John Stuart Mill's "On Liberty" is a foundational examination of the complex relationship that exists between personal autonomy and social norms. A pillar of the discussion on individual liberty, Mill's writings from the 19th century continue to be important. We examine Mill's defence of individual freedom in this study, focusing on how he strikes a balance between the dangers of suppressing uniqueness and the need for societal oppro
ium to control behaviour. The conflict arises from wanting to uphold the law's protection of freedom while letting the general public influence behaviour outside of legal boundaries. Mill bases his arguments on the ideas of damage and diversity as a means of advancing society. In order to understand Mill's views' continuing relevance in the complicated world of modern societal norms and values, we shall critically analyze his point of view while also taking into account his reactions to criticisms and the real-world applications of his concept.
Mill's Defense of Individual Freedom
The foundation of John Stuart Mill's defence of individual freedom in "On Liberty" is a sophisticated comprehension of the complex inte
elationship between the self and society. According to Mill, personal autonomy is crucial, and people should be allowed to follow their own paths and take activities that do not directly injure other people. He makes the case for strong legal protections for individual liberty but also presents an important idea: the Harm Principle. According to Mill, behaviour is only subject to social or legal restraint when it endangers other people. According to Mill, societal disapproval is required to control conduct that falls outside the purview of the law (Llewellyn, 2021). He does, however, caution against the perils of what he refers to as "social tyranny"—the overzealous codification of social mores that stifles uniqueness and originality. Mill grounds this careful balancing on his conviction that moral and intellectual advancement result from a society that supports a wide range of human expressions. He argues that suppressing dissident voices and unorthodox viewpoints stunts the growth of society; therefore defending individual liberties is not just a human right but also a shared necessity for progress. Mill's defense of individual freedom, included in the framework of the Harm Principle, continues to be a cornerstone of debates over liberty and the limitations required for a peaceful cohabitation of the individual and society.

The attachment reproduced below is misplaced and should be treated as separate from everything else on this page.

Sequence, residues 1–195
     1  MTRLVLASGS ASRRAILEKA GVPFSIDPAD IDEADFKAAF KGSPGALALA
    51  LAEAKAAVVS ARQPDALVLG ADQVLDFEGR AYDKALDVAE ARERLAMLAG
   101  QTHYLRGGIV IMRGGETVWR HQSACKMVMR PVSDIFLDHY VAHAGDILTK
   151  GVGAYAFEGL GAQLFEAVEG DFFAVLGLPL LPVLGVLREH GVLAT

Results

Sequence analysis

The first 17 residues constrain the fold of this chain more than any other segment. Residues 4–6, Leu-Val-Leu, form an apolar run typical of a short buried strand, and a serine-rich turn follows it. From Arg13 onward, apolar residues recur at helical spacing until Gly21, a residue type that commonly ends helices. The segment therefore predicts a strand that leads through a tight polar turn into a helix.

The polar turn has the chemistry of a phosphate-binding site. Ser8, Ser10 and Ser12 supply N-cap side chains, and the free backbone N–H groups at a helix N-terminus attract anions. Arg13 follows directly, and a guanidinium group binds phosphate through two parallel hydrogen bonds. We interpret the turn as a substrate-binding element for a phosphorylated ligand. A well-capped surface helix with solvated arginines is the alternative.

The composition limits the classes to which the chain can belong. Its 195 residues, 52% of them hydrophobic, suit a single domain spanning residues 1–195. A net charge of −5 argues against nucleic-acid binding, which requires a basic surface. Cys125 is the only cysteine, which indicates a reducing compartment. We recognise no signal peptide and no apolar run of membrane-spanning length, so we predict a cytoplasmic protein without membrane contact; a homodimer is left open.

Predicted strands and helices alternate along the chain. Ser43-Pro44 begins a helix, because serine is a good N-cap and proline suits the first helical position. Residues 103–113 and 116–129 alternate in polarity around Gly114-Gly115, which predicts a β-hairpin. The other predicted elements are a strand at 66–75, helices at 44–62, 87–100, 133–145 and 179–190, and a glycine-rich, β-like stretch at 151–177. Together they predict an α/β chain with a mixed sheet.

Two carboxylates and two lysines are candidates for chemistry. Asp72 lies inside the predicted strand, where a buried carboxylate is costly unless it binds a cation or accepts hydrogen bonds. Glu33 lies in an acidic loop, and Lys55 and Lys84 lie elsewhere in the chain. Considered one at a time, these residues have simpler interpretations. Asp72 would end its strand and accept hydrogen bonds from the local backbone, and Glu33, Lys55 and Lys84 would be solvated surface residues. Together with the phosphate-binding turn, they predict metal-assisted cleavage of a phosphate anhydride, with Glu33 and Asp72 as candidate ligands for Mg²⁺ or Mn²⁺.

Balancing Act
The philosophical tightrope walk that John Stuart Mill does in "On Liberty" is striking a balance between defending individual freedom and admitting that society needs control. Fundamental to it all is Mill's Harm Principle, which states that personal freedom may only be restricted in cases when an activity injures other people. While acknowledging the influence of popular opinion in shaping behaviour outside of legal boundaries, Mill still supports the preservation of autonomy inside the framework of the law. This fine balance becomes essential to avoiding what Mill refers to as...